2
    Discussion is closed. Upvoting is no longer available

    Kimberly Elliott
    Dante Cisterna
  • May 13, 2021 | 04:48 p.m.

    I agree. Keep me updated on the work your team is doing in this project. At ETS we are thinking of how to develop assessments that integrate science content with civic implications -- and support teachers for classroom use. I think the way the units are being developed has a lot of potentials.

     
    1
    Discussion is closed. Upvoting is no longer available

    April Luehmann
  • Icon for: Kelly Billings

    Kelly Billings

    Researcher
    May 13, 2021 | 09:04 p.m.

    This is a wonderful presentation, and it is great to see teachers leading the charge for innovative, timely education materials. I am curious how you supported the social-emotional needs of students as they grappled with issues of race and equity, as well as investigated a public health crisis that likely affected their immediate community. 

    Again, thank you for this wonderful video. Kelly

     
    1
    Discussion is closed. Upvoting is no longer available

    April Luehmann
  • Icon for: April Luehmann

    April Luehmann

    Lead Presenter
    Associate Professor
    May 13, 2021 | 09:15 p.m.

    Thanks for the note and kind words Kelly.  Such an important question you posed. Though I can share some elements that we were committed to (e.g. inviting students to take lead in conversations, encouraging participation in various ways (not requiring public contributions), and responding to needs or questions as they arose), I can also say we learned some things that we would do differently.  Our initial invitation to the unit involved recognizing racism; this happened, in some cases, before a sense of community and trust was built.  We realized that those teachers who protected space and created supports for building these bonds among students before they started the unit benefited from those relationships when some of the harder work was broached.  It is also important to say that this unit was meant to open the door to critical conversations about science and racism, but there was no need to get to some place specifically.   Hope that makes sense.

  • May 17, 2021 | 11:04 a.m.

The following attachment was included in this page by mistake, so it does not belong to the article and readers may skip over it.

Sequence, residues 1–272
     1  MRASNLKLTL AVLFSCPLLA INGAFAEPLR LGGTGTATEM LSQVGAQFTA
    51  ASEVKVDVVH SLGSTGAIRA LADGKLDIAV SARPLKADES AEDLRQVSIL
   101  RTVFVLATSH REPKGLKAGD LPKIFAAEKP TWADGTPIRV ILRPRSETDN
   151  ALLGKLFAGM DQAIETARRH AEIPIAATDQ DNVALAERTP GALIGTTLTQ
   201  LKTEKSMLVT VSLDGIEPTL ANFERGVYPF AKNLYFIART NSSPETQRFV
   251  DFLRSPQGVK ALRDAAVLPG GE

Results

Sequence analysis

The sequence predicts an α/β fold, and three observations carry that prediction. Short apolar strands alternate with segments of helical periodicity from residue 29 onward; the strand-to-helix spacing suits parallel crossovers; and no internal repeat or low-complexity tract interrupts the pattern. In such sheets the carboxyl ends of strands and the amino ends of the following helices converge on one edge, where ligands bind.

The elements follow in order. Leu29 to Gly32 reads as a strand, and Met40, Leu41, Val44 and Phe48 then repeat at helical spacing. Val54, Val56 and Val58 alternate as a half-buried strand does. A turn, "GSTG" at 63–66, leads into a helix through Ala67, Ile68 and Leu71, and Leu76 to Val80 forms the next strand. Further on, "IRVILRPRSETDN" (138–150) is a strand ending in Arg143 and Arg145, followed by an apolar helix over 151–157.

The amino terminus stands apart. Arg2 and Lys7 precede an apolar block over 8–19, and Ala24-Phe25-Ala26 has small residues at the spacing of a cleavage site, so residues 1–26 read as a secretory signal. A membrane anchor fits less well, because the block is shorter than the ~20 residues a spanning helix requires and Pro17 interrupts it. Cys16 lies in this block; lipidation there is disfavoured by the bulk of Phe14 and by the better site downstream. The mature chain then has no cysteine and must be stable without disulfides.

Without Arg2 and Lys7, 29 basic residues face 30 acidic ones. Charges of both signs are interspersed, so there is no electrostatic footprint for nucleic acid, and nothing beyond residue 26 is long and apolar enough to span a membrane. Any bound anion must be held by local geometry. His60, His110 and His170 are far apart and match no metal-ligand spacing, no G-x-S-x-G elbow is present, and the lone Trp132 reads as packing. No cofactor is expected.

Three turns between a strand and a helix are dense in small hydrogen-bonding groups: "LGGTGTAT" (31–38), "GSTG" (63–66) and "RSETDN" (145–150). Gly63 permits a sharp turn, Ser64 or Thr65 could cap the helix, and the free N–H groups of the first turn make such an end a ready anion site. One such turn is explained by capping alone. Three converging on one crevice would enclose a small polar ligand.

I appreciate several aspects of your video - the animation, the theoretical framework, and the reference to the NGSS standards. You have done a great job of highlighting the benefits of your program for your fellows. 

     
    1
    Discussion is closed. Upvoting is no longer available

    April Luehmann
  • Icon for: April Luehmann

    April Luehmann

    Lead Presenter
    Associate Professor
    May 17, 2021 | 11:06 a.m.

    Thanks so much Sabrina!  It's a work in progress, and we have much to learn.  I appreciate your encouragement.  I am eager to check out your video.

  • May 17, 2021 | 11:14 a.m.

    We would love for you watch our video too. Thanks! https://stemforall2021.videohall.com/presentati...

     
    1
    Discussion is closed. Upvoting is no longer available

    April Luehmann
  • Small default profile

    Jrène Rahm

    Higher Ed Faculty
    May 18, 2021 | 11:30 a.m.

    Hi April, Great video and project. I think Covid made me realize just how little progress we have made and how far we still need to go. A great challenge to work on together! Thanks for your ideas through the video!

     

     
    1
    Discussion is closed. Upvoting is no longer available

    April Luehmann
  • Icon for: April Luehmann

    April Luehmann

    Lead Presenter
    Associate Professor
    May 18, 2021 | 11:33 a.m.

    I LOVE the together part - in the general sense and in partnership with you specifically.  Thanks for the note!

  • Further posting is closed as the event has ended.

Multiplex Discussion
  • Members may log in to post to this discussion.